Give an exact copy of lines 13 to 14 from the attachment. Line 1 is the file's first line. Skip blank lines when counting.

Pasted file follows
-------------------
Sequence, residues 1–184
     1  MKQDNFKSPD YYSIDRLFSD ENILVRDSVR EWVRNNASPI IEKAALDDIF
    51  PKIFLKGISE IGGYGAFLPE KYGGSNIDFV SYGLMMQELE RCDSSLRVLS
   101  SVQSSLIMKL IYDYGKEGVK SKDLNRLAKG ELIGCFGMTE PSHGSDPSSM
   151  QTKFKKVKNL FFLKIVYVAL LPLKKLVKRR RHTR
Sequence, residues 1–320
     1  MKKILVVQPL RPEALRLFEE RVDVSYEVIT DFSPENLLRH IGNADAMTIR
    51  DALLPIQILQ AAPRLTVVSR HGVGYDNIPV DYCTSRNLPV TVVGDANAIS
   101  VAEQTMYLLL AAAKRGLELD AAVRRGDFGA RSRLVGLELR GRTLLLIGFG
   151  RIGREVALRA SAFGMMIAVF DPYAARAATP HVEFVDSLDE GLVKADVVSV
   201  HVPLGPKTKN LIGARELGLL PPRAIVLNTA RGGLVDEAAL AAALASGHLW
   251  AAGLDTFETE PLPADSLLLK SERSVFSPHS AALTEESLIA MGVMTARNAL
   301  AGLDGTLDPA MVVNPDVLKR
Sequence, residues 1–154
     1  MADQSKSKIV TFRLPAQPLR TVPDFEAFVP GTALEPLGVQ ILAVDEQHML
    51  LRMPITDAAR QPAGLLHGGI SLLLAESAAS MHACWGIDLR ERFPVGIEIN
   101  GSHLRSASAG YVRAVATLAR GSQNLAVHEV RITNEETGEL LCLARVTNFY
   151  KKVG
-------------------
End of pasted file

   301  AGLDGTLDPA MVVNPDVLKR
Sequence, residues 1–154